Some observers attribute Trump’s victory in the American presidential election to Twitter. This is an analysis that Trump himself agrees with. Trump more than once stated that the traditional media have been working against him since the beginning of his presidential candidacy and that they continue to distort his statements. Therefore, Trump prefers to address the world via Twitter rather than make announcements through traditional media.
Trump’s interest in Twitter compels the media to pay attention to his tweets, and the media has begun to use Trump’s tweets as the subject of news reports. Indeed, we have begun to see news headlines such as: “Trump Tweets about Qatar, Angering the Senate” or “Trump and Melania Send ‘Happy’ Tweets from Riyadh.” Before we were used to reading headlines like: “Obama’s Statements Anger His Allies.” “Statements” have been replaced by “tweets.” So what is the difference between Trump making remarks via Twitter and making remarks through the media?
Usually, what is considered to be a media statement is an excerpt from a journalistic interview, a political speech or a news conference. Traditional media do not usually mention everything that was said on these occasions; instead, the media select what they consider to be important and beneficial for their audience. This means that it is a matter of journalistic discretion, which is one of the tools that make journalists powerful. Journalists report on what they want and leave out what they want. Moreover, the context of media statements remains unknown to the audience, and what is permitted to be understood is at odds with reality. In addition, journalists do not leave media statements as they are, but frequently change them into indirect quotations and communicate them in their own words, based on their personal understanding of the statement. And this understanding is not necessarily in conformity with how the audience would understand the statement if they had heard it in its full context.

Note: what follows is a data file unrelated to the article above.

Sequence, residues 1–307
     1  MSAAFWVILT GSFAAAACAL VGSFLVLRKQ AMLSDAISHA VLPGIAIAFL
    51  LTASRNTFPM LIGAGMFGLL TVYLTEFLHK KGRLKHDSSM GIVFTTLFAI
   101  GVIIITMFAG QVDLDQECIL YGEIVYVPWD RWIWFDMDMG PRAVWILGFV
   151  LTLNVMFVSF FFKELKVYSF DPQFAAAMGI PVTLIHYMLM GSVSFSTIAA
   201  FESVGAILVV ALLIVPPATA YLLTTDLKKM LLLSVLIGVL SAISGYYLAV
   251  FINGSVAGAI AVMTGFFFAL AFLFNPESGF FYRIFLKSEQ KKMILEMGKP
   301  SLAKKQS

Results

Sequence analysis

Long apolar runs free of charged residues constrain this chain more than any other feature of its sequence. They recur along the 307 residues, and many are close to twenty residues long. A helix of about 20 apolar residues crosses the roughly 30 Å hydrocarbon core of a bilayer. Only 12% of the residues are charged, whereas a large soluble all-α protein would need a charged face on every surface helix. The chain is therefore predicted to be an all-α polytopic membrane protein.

A prime example of this occurred with Hassan Fairouz Abadi, the senior advisor to the Ayatollah Ali Khameini, and his statement that appeared on Al-Jazeera on Nov. 30, 2016. Abadi’s statement was written inside quotation marks, meaning that it is a literal citation of his words, and it read as follows: “Iran did not send missiles to Yemen since Yemen was Russia’s greatest ally and has had rockets for a long time. We only supported Yemen on religious and humanitarian levels, as is our duty.” However, the news broadcaster did not quote what Fairouz Abadi said literally; rather he indirectly quoted Abadi when he said that “Iran did not send missiles to Yemen since Yemen was Russia’s greatest ally and Russia has had missiles for a long time. We only supported Yemen on religious and humanitarian levels, as is our duty.”
The announcer succeeded in indirectly quoting Abadi, but in the end he failed. The announcer changed the word “anna” to “inna” after the word “haithu,” which is linguistically a better choice. However, the announcer also used “yamtalaka,” the third person singular form of the verb meaning to possess or to own, when in the original unaltered quote, Abadi used “tamtalaka,” the feminine third person singular form of the verb, which changes the meaning of the sentence. From the first statement, it is understood that Yemen is the one who has possessed missiles for a long time, but from the second statement (the original) it is understood that Russia is the one who has possessed missiles for a long time. We noticed this change because we saw the literal statement written in front of us on the screen, and we heard the statement change into an indirect quote in the live broadcast. How many other statements for which we don’t know the literal text and letters have been turned into an indirect quote that changes the meaning of the statement?